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Stroke and Endocarditis Linked to Injecting Opioid Drugs, Even in Young People

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young man in hospital bed being treated for endocarditis and stroke related to injecting opiates

As the opioid epidemic continues, the sad news keeps piling up about the effects of opioid drugs on people’s health and well-being. The risks of overdose, mental health problems, and infectious disease among people struggling with opioid addiction are well documented. Now, a new study by Setareh Salehi Omran, MD, fellow in vascular neurology at the Weill Cornell Medical Center and Columbia University Medical Center, reports that people who inject opioid drugs  including young people  face a significantly greater risk of stroke and endocarditis, a dangerous heart condition.

What Are Stroke and Endocarditis?

Endocarditis is an infection of the tissue of the heart. It is a relatively rare condition that tends to be seen in people with congenital heart problems, a recent heart valve repair or pacemaker placement, or a compromised immune system due to HIV or organ transplant. Recently, however, researchers identified a link between intravenous opioid use and endocarditis.

How the Heart Condition Endocarditis Develops

The heart is a complex organ made up of strong muscle tissue, enabling it to beat regularly. The heart valves and inner lining of the heart, called the endocardium, are more vulnerable. If these tissues become infected with fungi or bacteria, the result is a condition called infective endocarditis. Common symptoms of endocarditis include:

  • Chills
  • Fatigue
  • Fever
  • Night sweat
  • Muscle or joint aches
  • Persistent cough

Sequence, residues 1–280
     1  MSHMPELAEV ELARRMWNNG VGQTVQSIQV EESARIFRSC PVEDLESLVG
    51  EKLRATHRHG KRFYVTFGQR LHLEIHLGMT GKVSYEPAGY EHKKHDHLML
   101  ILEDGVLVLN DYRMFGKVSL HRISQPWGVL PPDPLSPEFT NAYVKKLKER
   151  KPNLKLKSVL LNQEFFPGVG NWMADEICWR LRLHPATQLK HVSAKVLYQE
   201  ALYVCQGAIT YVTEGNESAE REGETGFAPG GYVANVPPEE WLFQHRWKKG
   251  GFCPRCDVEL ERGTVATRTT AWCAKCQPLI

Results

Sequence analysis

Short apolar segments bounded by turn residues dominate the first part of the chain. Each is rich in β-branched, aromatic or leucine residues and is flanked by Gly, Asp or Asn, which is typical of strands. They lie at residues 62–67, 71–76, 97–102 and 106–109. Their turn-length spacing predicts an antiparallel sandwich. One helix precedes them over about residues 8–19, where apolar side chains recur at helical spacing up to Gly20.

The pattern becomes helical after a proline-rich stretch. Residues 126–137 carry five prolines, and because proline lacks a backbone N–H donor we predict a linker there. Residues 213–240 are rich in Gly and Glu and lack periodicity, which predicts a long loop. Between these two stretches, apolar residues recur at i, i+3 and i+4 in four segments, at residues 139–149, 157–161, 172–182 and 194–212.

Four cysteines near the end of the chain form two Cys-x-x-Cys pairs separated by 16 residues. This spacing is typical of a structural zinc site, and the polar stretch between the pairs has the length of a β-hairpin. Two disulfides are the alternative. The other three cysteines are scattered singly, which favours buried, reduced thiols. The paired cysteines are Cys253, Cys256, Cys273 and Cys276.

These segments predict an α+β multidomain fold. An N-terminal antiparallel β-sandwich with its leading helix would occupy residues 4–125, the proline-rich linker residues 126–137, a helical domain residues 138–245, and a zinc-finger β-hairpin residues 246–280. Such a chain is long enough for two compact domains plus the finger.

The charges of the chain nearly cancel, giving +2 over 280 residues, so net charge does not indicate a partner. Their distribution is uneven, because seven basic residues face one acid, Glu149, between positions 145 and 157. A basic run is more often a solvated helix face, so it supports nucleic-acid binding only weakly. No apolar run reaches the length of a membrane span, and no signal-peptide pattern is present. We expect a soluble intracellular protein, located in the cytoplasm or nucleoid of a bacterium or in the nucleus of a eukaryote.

• Shortness of breath
  • Swollen legs or feet
  • Unexplained weight loss
  • Weakness

Endocarditis Can Be Treated, but the Heart Is Permanently Damaged

It is possible to treat endocarditis. Just like any infection, some cases of endocarditis may respond to high doses of antibiotic treatment, sometimes taken for six weeks or longer.
In other cases, a person may need heart surgery to replace valves or repair damaged tissue. Surgery comes with its own risks, particularly for intravenous drug users who continue using drugs after the surgery. Regardless of the type of treatment, heart tissue is permanently compromised by endocarditis, increasing a person’s lifelong risk of heart problems.

Stroke Is a Complication of Endocarditis

Without prompt treatment, people with infective endocarditis are at a very high risk of health complications. Stroke is one of the most common complications of endocarditis. Strokes occur when blood stops flowing to the brain, which can lead to long-lasting physical and cognitive changes or death.
 
doctor evaluates brain scans with stroke patient resulting from opioid use that caused endocarditis and stroke
 

Proven Link Between the Opioid Epidemic and Increase in Stroke, Endocarditis

In theory, anyone could develop endocarditis due to a fungal or bacterial infection. In normal circumstances, however, the immune system quickly clears the source of infection before it reaches the heart.
For certain people, such as intravenous drug users, however, heart tissue may be weaker and more damaged than usual. This damage allows bacteria to attach more easily to the lining of the heart or its valves.
Dr. Omran’s study examined data from the National Inpatient Sample. The research team focused on hospitalizations related to stroke and infective endocarditis from 1993 and 2015. They found that more than 5200 individuals had this type of hospitalization between 1993 and 2015, which reflected an increase from 2.4 per 10 million people in 1993 to 18.8 per 10 million people in 2015.